Background: Curcumin is a natural polyphenolic compound with anti-cancer, antiinflammatory,
and anti-oxidation properties. Low water solubility and rapid hydrolytic degradation
are two challenges limiting use of curcumin.
Objective: In this study, the roles of the native/modified forms of Bovine Serum Albumin (BSA),
β-lactoglobulin (β-lg) and casein, as food-grade biopolymers and also protein chemical modification,
in stabilizing and on biological activity of curcumin were surveyed.
Methods: In this article, we used various spectroscopic as well as cell culture-based techniques
along with calculation of thermodynamic parameters.
Results: Investigation of curcumin stability indicated that curcumin binding to the native BSA and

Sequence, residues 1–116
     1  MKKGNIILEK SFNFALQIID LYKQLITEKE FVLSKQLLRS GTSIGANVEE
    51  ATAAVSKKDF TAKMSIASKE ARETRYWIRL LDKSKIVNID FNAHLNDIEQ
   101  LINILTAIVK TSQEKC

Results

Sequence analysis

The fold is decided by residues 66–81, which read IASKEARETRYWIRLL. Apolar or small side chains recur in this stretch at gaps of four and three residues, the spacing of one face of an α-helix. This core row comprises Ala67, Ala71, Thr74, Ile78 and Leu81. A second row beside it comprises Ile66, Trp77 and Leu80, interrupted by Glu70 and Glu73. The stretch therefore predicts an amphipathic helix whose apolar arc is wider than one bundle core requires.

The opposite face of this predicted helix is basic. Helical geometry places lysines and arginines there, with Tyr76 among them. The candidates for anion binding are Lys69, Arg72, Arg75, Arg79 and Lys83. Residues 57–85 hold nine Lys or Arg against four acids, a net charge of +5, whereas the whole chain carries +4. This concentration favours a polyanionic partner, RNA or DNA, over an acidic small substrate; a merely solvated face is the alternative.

modified β -lg were stronger than those of the modified BSA and native β -lg, respectively and
hence, the native BSA and modified β-lg could suppress water-mediated and light-mediated curcumin
degradation, significantly. Moreover, in the presence of the native proteins (BSA and casein),
curcumin revealed elevated in vitro anti-cancer activity against MCF-7 (human breast carcinoma
cell line) and SKNMC (human neuroblastoma cell line). As well, curcumin, in the presence of the
unmodified “BSA and β-lg”, was more potent to decrease ROS generation by hydrogen peroxide
(H2O2) whereas it led to an inverse outcome in the presence of native casein. Overall, in the presence
of the protein-bound curcumin, increased anti-cancer activity and decreased ROS generation
by H2O2 in vitro were documented.
Conclusion: It appears that “water exclusion” is major determinant factor for increased stability/
efficacy of the bound curcumin so that some protein-curcumin systems may provide novel tools
to increase both food quality and the bioavailability of curcumin as health promoting agent.